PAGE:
The surprise runaway hit film of the 2005 season in Germany, Dani Levy’s Go for Zucker, won Lolas (German Oscars) for best film, best director, and best actor, trumping the internationally acclaimed Downfall. Both films broached long-standing taboos in German media treatment of subject matter relating to the Holocaust. In Downfall Bruno Ganz presented a Hitler of human, rather than mythic-monstrous proportions. In the comedy of manners, Go for Zucker, Dani Levy reintroduces the long-standing tradition of (pre-Nazi-era) Yiddish humor in German-language stage and film. Levi enriches his tale—and embellishes the joke-telling—by lampooning contemporary German-Jewish life. The mirthfully awkward reunification of brothers Jakob (Jackie) and Samuel Zucker becomes a send-up of the sharply contrasting values between post-reunification East and West Germans, as well as German Gentiles and Jews. (The original title Alles auf Zucker! is a word play that means both "all bets on Zucker" as well as "everything sugar-coated.")
Henry H�bchen stars as Jackie Zucker, former sportscaster and East German media star, an inveterate gambler, liar, and schemer in the grand Yiddish comedy tradition (familiar to American audiences in the Hollywood tradition of the lovable rascal, from the Marx Brothers to Mel Brooks and beyond). Indeed, much of Go for Zucker is a vehicle for H�bchen to explore this character. Jakob Zuckermann may have shed his Jewish identity when his mother and brother fled to the West in 1961 (when the Berlin Wall went up), and he may be given to self-pity, having lost fame and fortune, fan base and career, when the East German system collapsed. Jackie may be a rogue, a two-fisted drinker, a smart ass, and a pool shark, as well. But he is the complete mensch—big-hearted, resourceful, life-loving, a kind of Berlin-Jewish Zorba the Greek. As he says of himself, "I’m a born player and life is a game."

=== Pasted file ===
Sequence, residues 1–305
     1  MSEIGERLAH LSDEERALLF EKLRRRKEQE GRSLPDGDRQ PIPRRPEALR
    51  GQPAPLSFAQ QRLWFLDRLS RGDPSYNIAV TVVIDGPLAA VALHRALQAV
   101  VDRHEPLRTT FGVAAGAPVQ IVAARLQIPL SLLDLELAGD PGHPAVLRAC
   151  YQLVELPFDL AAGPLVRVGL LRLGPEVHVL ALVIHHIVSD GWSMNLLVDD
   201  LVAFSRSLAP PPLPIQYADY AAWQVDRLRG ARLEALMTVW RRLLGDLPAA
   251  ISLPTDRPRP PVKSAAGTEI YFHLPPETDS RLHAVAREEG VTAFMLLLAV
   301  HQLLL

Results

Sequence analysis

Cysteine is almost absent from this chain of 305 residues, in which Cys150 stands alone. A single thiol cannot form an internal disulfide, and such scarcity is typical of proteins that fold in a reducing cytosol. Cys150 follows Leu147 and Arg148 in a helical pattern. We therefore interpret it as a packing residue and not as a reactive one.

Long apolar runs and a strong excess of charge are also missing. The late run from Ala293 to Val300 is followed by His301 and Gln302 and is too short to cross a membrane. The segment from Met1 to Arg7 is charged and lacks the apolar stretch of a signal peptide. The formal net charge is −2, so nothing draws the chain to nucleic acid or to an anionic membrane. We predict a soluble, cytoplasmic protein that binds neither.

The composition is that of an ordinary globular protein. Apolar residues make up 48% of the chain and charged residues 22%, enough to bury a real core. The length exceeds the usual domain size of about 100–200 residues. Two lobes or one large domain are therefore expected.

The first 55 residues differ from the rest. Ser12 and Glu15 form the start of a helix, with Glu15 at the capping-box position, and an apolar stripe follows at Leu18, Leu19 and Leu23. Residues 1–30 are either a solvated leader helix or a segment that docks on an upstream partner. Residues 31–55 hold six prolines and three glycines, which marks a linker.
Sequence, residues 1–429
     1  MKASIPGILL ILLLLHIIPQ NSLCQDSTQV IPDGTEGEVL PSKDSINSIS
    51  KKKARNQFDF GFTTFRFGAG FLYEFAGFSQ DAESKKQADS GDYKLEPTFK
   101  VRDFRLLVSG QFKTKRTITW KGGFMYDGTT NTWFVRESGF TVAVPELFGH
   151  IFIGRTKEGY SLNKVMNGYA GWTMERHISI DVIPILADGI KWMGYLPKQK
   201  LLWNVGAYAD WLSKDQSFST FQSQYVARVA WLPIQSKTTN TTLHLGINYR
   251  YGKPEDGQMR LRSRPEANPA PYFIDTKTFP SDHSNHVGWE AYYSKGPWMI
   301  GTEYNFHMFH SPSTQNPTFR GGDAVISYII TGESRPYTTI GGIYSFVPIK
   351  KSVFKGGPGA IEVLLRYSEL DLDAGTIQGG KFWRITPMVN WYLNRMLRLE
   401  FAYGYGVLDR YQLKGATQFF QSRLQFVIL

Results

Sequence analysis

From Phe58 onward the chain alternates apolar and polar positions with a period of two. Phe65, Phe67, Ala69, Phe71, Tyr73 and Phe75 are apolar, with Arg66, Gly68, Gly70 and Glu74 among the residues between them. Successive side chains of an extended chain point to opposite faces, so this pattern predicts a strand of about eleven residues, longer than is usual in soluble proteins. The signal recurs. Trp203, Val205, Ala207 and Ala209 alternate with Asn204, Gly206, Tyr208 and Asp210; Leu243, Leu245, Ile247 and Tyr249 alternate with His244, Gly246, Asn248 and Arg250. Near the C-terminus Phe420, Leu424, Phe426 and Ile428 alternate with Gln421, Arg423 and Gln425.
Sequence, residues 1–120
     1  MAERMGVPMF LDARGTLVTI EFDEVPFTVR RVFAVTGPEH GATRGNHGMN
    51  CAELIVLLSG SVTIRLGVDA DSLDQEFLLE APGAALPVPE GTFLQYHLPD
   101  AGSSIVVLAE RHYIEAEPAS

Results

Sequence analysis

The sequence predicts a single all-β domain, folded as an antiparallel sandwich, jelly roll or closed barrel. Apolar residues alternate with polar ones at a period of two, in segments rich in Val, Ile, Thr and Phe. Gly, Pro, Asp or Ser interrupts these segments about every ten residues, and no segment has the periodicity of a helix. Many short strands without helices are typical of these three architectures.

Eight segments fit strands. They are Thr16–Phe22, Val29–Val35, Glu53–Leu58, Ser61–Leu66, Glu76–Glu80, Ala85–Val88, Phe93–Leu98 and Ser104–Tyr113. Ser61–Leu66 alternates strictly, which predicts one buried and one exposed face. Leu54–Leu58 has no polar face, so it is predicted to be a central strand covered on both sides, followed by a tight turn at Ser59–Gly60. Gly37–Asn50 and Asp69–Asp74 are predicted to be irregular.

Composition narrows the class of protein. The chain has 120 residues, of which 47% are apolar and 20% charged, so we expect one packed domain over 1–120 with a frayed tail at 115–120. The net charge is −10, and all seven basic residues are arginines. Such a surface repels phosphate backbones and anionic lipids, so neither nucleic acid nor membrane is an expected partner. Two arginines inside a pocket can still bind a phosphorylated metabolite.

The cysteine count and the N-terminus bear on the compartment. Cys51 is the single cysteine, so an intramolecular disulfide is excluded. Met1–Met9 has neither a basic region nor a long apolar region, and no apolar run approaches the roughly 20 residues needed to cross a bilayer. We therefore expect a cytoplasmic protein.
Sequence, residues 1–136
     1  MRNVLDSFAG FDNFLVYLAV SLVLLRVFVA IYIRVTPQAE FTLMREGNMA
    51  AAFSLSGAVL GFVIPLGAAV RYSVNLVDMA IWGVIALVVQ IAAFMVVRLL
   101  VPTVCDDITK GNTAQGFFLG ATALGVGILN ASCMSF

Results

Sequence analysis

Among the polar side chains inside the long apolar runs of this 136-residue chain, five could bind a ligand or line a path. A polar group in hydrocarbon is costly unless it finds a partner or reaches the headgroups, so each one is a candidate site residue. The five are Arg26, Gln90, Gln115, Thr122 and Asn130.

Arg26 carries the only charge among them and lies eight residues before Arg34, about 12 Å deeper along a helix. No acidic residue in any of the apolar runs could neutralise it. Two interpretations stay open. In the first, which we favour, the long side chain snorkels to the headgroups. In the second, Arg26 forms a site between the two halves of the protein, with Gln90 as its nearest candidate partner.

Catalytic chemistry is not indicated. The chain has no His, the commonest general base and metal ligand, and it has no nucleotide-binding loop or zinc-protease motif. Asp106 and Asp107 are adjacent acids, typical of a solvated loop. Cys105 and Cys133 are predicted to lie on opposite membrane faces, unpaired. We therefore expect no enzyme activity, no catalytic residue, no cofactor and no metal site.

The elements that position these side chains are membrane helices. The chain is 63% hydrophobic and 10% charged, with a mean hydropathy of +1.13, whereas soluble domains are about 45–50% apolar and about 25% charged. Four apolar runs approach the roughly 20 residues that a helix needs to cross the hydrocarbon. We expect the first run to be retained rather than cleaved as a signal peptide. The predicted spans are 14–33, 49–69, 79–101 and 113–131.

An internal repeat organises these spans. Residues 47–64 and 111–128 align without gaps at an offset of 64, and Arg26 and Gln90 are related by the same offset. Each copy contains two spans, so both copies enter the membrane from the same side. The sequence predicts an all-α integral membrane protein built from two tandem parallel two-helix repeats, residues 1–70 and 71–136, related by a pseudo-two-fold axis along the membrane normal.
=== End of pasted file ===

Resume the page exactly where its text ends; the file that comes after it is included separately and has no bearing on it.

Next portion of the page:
As it happens, Jackie is up to his ears in debt, his wife has thrown him out and is threatening divorce, and his son, who is the branch manager of a bank (and a fastidious individual, that is to say, a sexual virgin), has shown up at Jackie’s door with the court bailiff. It seems Jackie missed the payment deadline on a loan of €44,500. And, it seems, he has some financial complications with the Club Central, a Berlin "establishment" for lonely hearts and unreconstructed East Germans. Jackie explains to his wife that he is the club’s accountant. (Explanations become necessary when brother Samuel is discovered finding ecstasy-imbued joy in the arms of the club’s Palestinian "escort.")
Jackie has resolved to solve his financial problems by entering the Fifth European Pool tournament and, on his way out the door to compete, a telegram arrives from Frankfurt. Suddenly, there is also the slightly complicating matter of news of his mother’s death, her will, and certain stipulations surrounding the payout of the inheritance. Jackie must reconcile with his long-estranged brother Samuel, who lives with his own family in Frankfurt. It just so happens that brother Samuel’s family is strict (well, sort of) orthodox, keeps kosher, and as full of mixed nuts as Jackie’s family.
In Berlin, Jackie lives with his gentile wife Marlene. Leading German actress Hannelore Elsner delivers a strong, on-target performance as the scrappy, pragmatic survivor of her husband’s antics, every bit as creative and irrepressible in her own way. Daughter Jana (Anja Franke), once daddy’s little girl, has not been on speaking terms since she gave birth to Sarah. Everyone assumes son Thomas (Steffen Groth) is gay, oblivious to Jana’s relationship with her live-in lesbian lover.
Samuel (Udo Samel) is shorter, stockier, but every bit as stubborn as Jakob. His big-bosomed, big-hearted wife, Golda, is played by Golda Tencer. Tencer is considered the "grande dame of Yiddish song," and delivers a memorable over-the-top performance here. Their dour and self-righteous son, Joshua (Sebastian Blomberg), will prove to be less orthodox than his firmly clenched facade. Daughter Lilly (Elena Uhlig), a self proclaimed "princess," has been in law school for ten years. But she has never let that get in the way of her primary hobby, seducing men.
While some of the sexual taboos presented here may offend American sensibilities, they are right in line with the madcap, no-sacred-cows approach of this film. The humor, in both subtle and slapstick varieties, is fast-paced. Audience members unfamiliar with either contemporary East-West German relations or German-Jewish-Gentile dynamics may find the film moves rather too quickly as they try to keep up with the subtitles. But the message comes through mirthfully loud and clear—how much would anyone risk when taking a gamble for love and life?